Harbaugh Believes Hauschka Has It

a17fd5aab7f84aceafc8119067b3cf42.jpg


Think the Ravens are going to give up on Steve Hauschka after missing one kick?

Not going to happen.

Head coach John Harbaugh repeated his support for Hauschka on Monday, about 24 hours after the young kicker's last-minute 44-yard field goal sailed past the left goal post in the Ravens' 33-31 loss to the Minnesota Vikings.

"The thing you've got to remember about that is that we knew from Day One that our young kicker was going to miss a kick," Harbaugh said during his weekly press conference. "And we also were pretty sure it was going to come in a hugely critical moment. There's no guarantee that any kicker is going to make any kick in any situation. Now the deal is, and it's painful, because if he had knocked that thing right through the uprights, we'd all be going. 'We got our kicker!' Well, we believe we got our kicker.

"We've seen enough of him to believe that he's going to be our kicker. In the end, do we know? Only he can handle that."

Hauschka was noticeably rattled after the game, but he did step to the microphone and discuss the miss, his second of the season.

"It's obviously one I want back, but I just have to bounce back and use it to make me better," Hauschka said. "I feel like I let my teammates down."

Still, there was more to the kick. Yes, Hauschka did pull it left. But there was also the issue of a bad snap that could have distracted Hauschka.

Long-snapper Matt Katula hit holder Sam Koch slightly to the right instead of delivering a strike like he typically does.

"It's impossible to say how much the snap played into it," Harbaugh said. "The snap was not perfect. The kick was not perfect. So, it didn't go through. He pulled it."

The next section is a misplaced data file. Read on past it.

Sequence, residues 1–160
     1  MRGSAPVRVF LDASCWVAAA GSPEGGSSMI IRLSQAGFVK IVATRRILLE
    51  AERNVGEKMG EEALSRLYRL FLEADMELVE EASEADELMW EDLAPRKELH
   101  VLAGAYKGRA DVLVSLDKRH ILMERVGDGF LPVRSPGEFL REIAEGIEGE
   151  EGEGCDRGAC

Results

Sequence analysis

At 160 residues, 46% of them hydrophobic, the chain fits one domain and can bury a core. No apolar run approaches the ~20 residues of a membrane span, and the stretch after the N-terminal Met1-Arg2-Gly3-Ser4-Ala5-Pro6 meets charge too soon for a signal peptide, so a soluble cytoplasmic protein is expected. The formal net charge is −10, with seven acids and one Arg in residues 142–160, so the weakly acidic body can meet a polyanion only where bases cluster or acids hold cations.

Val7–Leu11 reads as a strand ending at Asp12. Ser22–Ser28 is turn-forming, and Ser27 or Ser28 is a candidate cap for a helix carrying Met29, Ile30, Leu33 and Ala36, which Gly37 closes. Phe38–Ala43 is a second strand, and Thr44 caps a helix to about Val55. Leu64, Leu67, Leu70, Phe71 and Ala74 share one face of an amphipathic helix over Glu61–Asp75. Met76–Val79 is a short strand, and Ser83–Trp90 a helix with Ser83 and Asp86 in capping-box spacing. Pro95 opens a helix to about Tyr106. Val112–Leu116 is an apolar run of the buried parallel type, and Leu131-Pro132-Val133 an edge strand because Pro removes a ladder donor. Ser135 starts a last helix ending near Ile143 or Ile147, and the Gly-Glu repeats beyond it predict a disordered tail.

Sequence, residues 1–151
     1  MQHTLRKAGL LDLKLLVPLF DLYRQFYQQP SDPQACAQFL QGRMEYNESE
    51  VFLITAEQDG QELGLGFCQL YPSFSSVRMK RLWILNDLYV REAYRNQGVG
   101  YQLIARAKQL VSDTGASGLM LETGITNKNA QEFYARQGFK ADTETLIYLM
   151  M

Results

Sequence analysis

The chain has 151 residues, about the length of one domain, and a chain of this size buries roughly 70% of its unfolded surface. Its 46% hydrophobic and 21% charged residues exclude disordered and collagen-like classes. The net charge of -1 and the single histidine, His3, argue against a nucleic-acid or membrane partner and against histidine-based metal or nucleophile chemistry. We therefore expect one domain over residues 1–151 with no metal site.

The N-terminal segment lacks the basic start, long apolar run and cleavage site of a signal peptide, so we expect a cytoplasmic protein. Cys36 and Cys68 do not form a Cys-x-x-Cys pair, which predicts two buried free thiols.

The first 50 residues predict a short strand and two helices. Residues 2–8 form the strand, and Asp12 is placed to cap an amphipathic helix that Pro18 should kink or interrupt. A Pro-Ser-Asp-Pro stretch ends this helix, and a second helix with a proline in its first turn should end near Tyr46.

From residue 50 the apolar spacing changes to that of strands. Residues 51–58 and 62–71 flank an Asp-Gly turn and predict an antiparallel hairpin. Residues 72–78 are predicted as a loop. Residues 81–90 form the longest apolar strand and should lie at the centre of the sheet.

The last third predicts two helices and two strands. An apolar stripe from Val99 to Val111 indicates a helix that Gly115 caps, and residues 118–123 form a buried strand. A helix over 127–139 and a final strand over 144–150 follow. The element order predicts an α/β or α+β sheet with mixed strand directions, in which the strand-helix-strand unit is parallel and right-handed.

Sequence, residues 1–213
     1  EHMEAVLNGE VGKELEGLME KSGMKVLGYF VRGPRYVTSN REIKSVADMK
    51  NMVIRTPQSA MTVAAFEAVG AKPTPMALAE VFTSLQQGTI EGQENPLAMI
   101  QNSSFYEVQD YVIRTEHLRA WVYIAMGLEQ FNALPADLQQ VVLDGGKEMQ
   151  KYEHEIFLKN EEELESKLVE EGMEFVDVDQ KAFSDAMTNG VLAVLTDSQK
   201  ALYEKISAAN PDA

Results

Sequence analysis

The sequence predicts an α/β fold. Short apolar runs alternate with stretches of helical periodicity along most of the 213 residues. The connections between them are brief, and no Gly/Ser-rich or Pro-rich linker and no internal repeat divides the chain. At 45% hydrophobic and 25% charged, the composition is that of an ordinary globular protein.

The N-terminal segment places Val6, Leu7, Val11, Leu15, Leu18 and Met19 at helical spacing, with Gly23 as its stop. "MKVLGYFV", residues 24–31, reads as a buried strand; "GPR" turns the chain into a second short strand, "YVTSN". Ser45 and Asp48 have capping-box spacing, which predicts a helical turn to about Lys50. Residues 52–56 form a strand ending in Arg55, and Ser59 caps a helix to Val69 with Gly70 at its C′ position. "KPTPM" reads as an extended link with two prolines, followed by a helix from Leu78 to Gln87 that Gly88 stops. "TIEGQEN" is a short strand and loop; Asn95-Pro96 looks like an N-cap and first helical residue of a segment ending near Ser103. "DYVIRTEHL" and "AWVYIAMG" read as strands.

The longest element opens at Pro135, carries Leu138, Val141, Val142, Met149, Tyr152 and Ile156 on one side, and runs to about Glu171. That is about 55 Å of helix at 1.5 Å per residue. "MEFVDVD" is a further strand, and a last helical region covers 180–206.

When Hauschka's kick didn't split the uprights, many Ravens followers questioned whether the team should have re-signed longtime kicker Matt Stover, who recently signed a free agent contract with the Indianapolis Colts to fill in for an injured Adam Vinatieri.

Stover boasts a long and storied career as the third-most accurate kicker in NFL history. Hauschka could take a lesson from Stover's tenure, however.

In Stover's first three years – 1991-94 – he only hit 11-of-22 kicks from 40-49 yards. That was when the Ravens franchise was in Cleveland.

Even when he moved to Baltimore, Stover wasn't much better from beyond 40 yards. As a Raven, he missed 39 boots from 40-49 yards.

Stover returned from those misses with an unwavering demeanor, one that is completely focused on the kick at hand – or foot, for that matter.

"All the kickers that have made it over the years, the long-term guys, have fought through this," Harbaugh said. "I'm pretty sure if you look back at all these really good kickers early in their career, I bet they missed some of these kicks early on if you look at their career.

"[Stover] responded through that and became the kicker that he was. There are other kickers that didn't respond, and now they're not kicking anymore. They found their life's work a lot earlier than the guys who made it. So, there's only one way to find out. Now, we have seen [Hauschka] handle pressure situations in practice. He's made the kicks he's been asked to make up until this point. He made them in the preseason. We put him under as much pressure as we can, and we'll see what happens. I think he's got the mettle for it. I'm a little biased, because he's our kicker. And we're going to give him a chance."

This article has been reproduced in a new format and may be missing content or contain faulty links. Please use the Contact Us link in our site footer to report an issue.

Related Content

Advertising